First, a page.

The reports, by and large, all sounded very familiar and have a tendency to focus on the end results of mistakes and deficiencies rather than their underlying causes. A recent article in Stars and Stripes, however, addresses failure in Navy culture as addressed in a Navy review released recently which spotlights weaknesses contributing to decreased efficiency and safety in the fleet. They also raise the Balisle Report, a scathing 2010 internal Navy report on the surface fleet’s readiness, which urged officials to counter the “underway at all costs” mentality. Continue reading →
Like so many other species, Galápagos green sea turtles are unique to the archipelago. Here is a short video of snorkeling with Galápagos green sea turtles off Punto Cormorant on Floreana Island in the Galapagos in early November.
In the US, today is Veteran’s Day, when we honor those who have served in the military. It coincides with Armistice Day, the anniversary of the signing of the armistice which ended World War I, on the 11th hour of the 11th day, of the 11th month of 1918, when the guns finally fell silent after four years of bloody conflict. Today is a good time to recall the mutiny of the German High Seas Fleet, which played a significant role in finally ending the war. Here is a repost of a an article from a few years ago about the naval mutinies.
SS Edmund Fitzgerald, an American Great Lakes ore carrier, sank in Lake Superior in a storm on November 10, 1975, 42 years ago today. The crew of 29 were lost when the freighter sank loaded with 26,000 tons of taconite, iron ore pellets, in 530 feet about 15 nautical from Whitefish Bay. What is remarkable is that exactly why and how the bulk carrier sank remains a mystery to this day.
The wreckage of the ship was located within days. The bow section was upright some distance from the stern which was upside down on the bottom. Roughly 200 feet of vessel around midships was missing.
The joke no longer works, however, as about a week ago, the Team Greenings Clipper 70 (CV24) hit a reef at the Olifantsbospunt, located between Cape Town and Cape Point and was holed, shortly after the beginning of the start of the leg from Cape Town, South Africa to Freemantle, Australia. The crew was safely evacuated without injury. After surveying the damage to the boat, it was decided that the boat would be pulled from the race.
I was recently shocked and disturbed to see photos of a significant quantity of floating plastics and trash in the Caribbean near the Honduran Island of Roatán. Roatán is the largest of the Bay Islands of Honduras. It is a beautiful island with incredible diving. My family enjoyed a memorable diving vacation on the island a few years ago.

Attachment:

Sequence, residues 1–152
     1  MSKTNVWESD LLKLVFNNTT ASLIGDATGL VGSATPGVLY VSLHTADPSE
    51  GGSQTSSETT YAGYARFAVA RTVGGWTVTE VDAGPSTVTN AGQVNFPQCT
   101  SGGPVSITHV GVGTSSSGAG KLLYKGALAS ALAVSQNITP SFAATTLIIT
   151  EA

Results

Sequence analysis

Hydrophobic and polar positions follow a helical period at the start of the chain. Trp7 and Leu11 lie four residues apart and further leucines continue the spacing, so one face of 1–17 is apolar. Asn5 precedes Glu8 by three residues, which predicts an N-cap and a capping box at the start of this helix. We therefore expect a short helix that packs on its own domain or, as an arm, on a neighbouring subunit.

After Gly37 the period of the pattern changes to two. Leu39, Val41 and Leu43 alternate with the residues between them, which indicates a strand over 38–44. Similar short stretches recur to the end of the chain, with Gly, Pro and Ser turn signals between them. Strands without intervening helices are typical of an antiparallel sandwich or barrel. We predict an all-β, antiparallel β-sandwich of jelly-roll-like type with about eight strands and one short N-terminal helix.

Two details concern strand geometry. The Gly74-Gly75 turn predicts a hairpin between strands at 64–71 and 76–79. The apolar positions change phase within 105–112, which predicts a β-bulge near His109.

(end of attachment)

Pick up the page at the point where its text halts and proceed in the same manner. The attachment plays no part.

We have been writing about the Great Pacific Garbage Patch on this blog for years. Like the other oceanic garbage patches in the Atlantic and the Indian Ocean, the circular swirl of the currents makes for a vast and nasty conglomeration of plastic and other industrial wastes in what had, not so long ago, been a pristine ocean. One difficulty with addressing the various oceanic garbage patches is that they are so large and, in most cases so far away, that they can seem almost abstract.
My wife and I just got back from an incredible trip to the Galapagos. We spent a week on Ecoventura‘s 83’ MY Ericand visited six of the more eastern islands of the archipelago. We saw many of the species of plants and animals that helped Charles Darwin formulate his theory of evolution as described in his “On the Origin of the Species” of 1859. One of our favorites were the nearly ubiquitous sea lions which we snorkeled with almost every day.
Shortly after we started snorkeling off the beach at Punta Pitt on San Cristobal, on our first full day in the Galapagos, several sea lion pups swam over to play. We were barely in waist deep water before two pups began literally swimming circles around us. The short video we shot is below.
Here is a fascinating tour of the Volvo Ocean 65Team Brunel, one of seven identical yachts now racing around the world in the Volvo Ocean Race. The Volvo Ocean 65s are high-performance one-design racers created by Farr Yacht Design and built by a consortium of four European boatyards. They are carbon fiber speed demons. While racing yachts are generally spartan, these black carbon beasts strike me as bordering on grim. The Volvo is not a pleasure sail.
This may be the most bizarre Navy training film yet. The film dates from 1967 and purports to answer the question of “how to succeed with brunettes (or blondes.)” It is directed exclusively at male naval officers.
How many female naval officers were there in 1967? Some, but not too many. The first woman to become an admiral in the US Navy was Alene Duerk in 1972. Admiral Duerk was the head of the Navy Nurse Corps.
As for the answer to the question, “how to succeed with brunettes (or blondes?” the film recommends acting like a “gentleman,” which is not altogether bad advice, in general, although considerably less condescension and general sexism might be in order.
As we descend into the depths of Autumn, even if has been an unusually warm Autumn, here are two YouTube videos reminiscent of summer, when even blue whales and giant octopus can fly in the clear blue sky. In the first video, Randy Lowe, aka Randy The Kite Man, flew a giant 100-foot blue whale kite over Delray Beach, Florida. The video of the giant octopus kite is from Singapore where it took six people to get the huge kite airborne. Read more about it here.
Image: Nick Mortimer/GNS Science Research Institute
Researchers have identified a 2 million square miles continent hidden beneath the Pacific Ocean. They have named it Zealandia. The highest peaks of the continent which rise above the surface are the islands of New Zealand and New Caledonia. The newly identified continent is about two-thirds the size of Australia.
A group of geologist published their determination that Zealandia is indeed its own continent in the journal of the Geological Society of America. ”The paper we’ve written unashamedly sticks to empirical observations and descriptions,” Nick Mortimer, a geologist at GNS Science in Dunedin, New Zealand. told Reuters. ”The litmus test will really be if ‘Zealandia’ appears in maps and atlases in five or 10 year’s time.”“Zealandia” is believed to have broken away from Australia about 80 million years ago and sank beneath the sea as part of the break up of the super-continent known as Gondwanaland.
In geological terms, a continent is defined as “one of the Earth’s major land masses, including both dry land and continental shelves.” What makes Zealandia unusual is that 94 percent is underwater. The “new” continent is mostly continental shelf. Thanks to Irwin Bryan for contributing to this post.